Ever powerful, pope disciplines bishops

History will probably tell that conciliar popes have enjoyed an authority larger than their predecessors, all else being equal and in a very different context, a little bit like leaders of democrats have more powers than the princes they have replaced. Like Louis XVIII of France granted the Charter, Paul VI in the beginning of the last session of the council, through the motu proprio Apostolica sollicitudo, 15 September 1965, instituted the Synod of Bishops which appeared as the main body of the episcopal collegiality, and which at the same time limited him singularly. The pope gave himself a counsel, called Synod of Bishops, of which the assemblies composed in their majority by episcopal conferences would gather upon his request; it was to decide of the order of the day; it was only to have consultation value, the pope could exceptionally give it deliberative power, but then keeping for himself to ratify its decisions. A decision which was ratified by the Council (Christus Dominus, n. 5).

Yet this Synod does not have a minor role in the Church after Vatican II. Its regular assemblies, in the image of what happens in modern societies, go along with elaborating compromise agreements which today replace de facto the traditional obedience of faith, cement of communion to Christ. All this, in this synods, with a heavy dose of manipulation, as one must admit, either in a way of moderation of progressive advances when the Roman line was “the hermeneutic of renewal in the continuity” (under Benedict XVI, John Paul II and even under Paul VI), or on the contrary in a plain progressive way, when it finds its inspiration, as in the case today under Francis, of the “hermeneutic of discontinuity and rupture.” Conservative forces are in any case penalized by the fact that the Synod, just like the last council, remains on a pastoral mode, and that all strictly doctrinal criticism (in the form of a question, like the dubia for example) remains pointless.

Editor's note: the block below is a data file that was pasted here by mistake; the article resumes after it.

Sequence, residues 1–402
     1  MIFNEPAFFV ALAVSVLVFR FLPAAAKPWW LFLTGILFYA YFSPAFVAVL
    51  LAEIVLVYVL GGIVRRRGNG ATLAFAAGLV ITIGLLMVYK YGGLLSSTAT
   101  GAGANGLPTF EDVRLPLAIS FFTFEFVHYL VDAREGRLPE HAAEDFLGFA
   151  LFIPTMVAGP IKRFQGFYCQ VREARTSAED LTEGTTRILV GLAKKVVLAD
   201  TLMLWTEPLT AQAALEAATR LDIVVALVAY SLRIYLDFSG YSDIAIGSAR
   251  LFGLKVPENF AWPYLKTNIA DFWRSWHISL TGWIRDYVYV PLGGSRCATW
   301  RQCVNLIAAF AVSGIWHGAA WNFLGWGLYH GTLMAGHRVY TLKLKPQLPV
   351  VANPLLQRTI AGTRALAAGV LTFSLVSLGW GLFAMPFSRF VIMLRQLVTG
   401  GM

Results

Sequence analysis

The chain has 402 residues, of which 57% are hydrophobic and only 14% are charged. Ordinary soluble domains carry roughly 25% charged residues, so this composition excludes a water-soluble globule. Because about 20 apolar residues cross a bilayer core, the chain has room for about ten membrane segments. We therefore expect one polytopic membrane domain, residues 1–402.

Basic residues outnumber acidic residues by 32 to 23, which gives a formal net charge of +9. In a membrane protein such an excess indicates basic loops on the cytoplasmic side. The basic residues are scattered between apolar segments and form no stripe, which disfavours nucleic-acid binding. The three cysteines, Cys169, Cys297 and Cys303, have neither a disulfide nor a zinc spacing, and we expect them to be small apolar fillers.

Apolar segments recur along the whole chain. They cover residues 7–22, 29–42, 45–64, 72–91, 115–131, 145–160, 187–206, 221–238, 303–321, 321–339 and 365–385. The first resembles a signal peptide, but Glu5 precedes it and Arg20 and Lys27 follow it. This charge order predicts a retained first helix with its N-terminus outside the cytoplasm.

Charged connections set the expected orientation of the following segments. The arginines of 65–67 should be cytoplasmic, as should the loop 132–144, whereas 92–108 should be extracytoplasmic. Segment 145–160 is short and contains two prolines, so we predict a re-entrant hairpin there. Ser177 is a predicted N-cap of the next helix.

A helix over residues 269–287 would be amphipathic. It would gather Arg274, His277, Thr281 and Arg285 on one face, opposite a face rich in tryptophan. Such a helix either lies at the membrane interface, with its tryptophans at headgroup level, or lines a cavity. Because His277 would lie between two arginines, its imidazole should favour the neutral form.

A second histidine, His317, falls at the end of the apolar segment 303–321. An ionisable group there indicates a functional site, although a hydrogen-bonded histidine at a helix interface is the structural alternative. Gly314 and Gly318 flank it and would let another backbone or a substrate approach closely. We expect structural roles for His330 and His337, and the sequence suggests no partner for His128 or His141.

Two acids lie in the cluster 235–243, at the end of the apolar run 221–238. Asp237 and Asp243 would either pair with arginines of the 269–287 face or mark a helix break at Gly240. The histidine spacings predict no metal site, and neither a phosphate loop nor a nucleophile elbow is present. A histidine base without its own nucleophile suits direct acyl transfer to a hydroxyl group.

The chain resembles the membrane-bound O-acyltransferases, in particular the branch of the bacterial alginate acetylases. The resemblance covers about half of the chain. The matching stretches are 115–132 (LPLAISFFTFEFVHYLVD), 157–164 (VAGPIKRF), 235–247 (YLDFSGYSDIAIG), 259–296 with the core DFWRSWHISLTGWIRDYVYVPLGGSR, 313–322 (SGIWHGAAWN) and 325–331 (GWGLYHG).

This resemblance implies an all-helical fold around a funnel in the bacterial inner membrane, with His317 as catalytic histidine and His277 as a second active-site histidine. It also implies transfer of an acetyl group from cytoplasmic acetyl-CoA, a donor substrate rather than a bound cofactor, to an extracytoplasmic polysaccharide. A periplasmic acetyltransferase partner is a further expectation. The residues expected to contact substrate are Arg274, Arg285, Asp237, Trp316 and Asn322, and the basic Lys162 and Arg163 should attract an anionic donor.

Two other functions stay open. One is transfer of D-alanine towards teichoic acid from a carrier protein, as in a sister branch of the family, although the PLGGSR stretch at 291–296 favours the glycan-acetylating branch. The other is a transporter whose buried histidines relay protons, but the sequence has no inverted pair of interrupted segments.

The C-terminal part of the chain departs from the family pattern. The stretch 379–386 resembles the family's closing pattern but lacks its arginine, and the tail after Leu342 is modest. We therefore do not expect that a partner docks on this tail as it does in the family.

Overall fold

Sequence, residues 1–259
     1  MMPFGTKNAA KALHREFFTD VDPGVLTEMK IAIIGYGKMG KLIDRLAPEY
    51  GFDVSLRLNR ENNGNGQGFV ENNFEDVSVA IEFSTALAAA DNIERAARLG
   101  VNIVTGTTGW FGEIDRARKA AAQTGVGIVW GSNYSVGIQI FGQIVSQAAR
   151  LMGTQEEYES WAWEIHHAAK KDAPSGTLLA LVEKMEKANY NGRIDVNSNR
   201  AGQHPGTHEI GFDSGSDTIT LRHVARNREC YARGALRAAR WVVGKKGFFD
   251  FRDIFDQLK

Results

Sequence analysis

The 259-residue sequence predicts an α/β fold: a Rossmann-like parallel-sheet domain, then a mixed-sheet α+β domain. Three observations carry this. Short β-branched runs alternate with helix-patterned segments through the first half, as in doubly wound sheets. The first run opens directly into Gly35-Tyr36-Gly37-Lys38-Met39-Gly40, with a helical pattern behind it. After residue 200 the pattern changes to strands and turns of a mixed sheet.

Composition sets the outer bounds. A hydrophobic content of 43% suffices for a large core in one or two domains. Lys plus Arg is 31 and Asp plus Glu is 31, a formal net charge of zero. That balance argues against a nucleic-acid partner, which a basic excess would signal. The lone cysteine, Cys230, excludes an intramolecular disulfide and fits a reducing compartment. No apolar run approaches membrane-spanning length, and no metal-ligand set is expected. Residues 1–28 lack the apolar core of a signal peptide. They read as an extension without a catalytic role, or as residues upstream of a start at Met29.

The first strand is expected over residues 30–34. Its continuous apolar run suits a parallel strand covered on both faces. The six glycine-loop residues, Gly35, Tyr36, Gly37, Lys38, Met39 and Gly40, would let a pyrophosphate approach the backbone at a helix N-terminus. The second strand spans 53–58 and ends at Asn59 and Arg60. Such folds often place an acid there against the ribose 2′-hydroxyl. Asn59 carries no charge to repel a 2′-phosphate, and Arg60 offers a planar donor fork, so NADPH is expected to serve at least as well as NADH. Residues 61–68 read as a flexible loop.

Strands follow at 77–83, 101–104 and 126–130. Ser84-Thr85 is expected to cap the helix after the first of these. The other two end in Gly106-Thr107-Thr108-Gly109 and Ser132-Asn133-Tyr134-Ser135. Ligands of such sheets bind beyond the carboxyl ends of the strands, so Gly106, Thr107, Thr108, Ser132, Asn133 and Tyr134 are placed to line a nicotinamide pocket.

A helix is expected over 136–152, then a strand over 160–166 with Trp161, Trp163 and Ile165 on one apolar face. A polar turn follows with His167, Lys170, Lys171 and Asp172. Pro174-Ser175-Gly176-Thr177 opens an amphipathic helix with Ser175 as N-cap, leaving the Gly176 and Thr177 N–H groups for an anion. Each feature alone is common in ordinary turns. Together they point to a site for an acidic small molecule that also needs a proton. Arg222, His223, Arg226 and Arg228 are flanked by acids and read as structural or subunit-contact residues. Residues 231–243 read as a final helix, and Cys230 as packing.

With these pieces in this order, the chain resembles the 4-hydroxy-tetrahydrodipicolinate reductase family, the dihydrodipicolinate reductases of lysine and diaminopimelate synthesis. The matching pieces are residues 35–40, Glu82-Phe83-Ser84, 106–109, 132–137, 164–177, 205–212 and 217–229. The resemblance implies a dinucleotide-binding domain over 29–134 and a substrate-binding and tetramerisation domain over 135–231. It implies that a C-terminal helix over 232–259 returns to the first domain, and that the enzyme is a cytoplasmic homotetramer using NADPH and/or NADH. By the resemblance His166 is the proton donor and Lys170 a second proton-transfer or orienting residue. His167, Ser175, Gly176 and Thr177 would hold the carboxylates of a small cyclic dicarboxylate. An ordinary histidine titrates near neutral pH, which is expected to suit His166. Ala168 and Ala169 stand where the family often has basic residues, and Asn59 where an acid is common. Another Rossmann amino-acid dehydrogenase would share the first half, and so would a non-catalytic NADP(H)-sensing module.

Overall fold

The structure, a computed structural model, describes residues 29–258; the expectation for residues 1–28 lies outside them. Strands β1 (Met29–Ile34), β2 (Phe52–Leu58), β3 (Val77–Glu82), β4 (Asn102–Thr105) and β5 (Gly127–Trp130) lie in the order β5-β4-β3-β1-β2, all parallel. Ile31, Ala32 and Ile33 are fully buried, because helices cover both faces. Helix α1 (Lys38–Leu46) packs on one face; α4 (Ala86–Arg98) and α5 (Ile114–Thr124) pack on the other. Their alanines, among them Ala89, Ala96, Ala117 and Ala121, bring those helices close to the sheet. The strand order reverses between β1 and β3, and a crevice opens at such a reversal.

Moreover, Paul VI increased his authority over the episcopate with an other interpretation of the Council. The decree Christus Dominus, n. 21, wanted “diocesan bishops and others regarded in law as their equals, who have become less capable of fulfilling their duties properly because of the increasing burden of age or some other serious reason, are earnestly requested to offer their resignation from office either at their own initiative or upon the invitation of the competent authority.” Paul VI set the age of resignation at 75 years old, for all bishops, but not the bishop of Rome. He decided that the diocesan bishops and their pairs will be “earnestly requested of their own free will to tender their resignation from office not later than at the completion of their 75th year of age” (Apostolic letter Ecclesiæ Sanctæ, n. 11). What was later inscribed in Canon 401 of the 1983 Code. The pope was not concerned by this obligation, since no one has the right to make this earnest request to him.

Certainly, the bishops are not strictly obliged to present their resignation, but in fact they all comply with this rule (the only example of refusal to present his resignation was the one of the Archbishop of Buenos Aires, in 2011, Cardinal Jorge Bergoglio). This gives Rome a capacity to renew the episcopates it never had before to this degree. As a result, the bishop, “spouse” of his Church (cf. 2 Tm 3, 2), tends to become a sort of temporary civil servant prefect. Even more so under the present pontificate, overly centralizing, where the shepherd of a diocese considers himself as a simple representative of the pope, as seen for example with the enforcement of Traditiones custodes, despite all opposite statements.

And cornered by a system of majority rule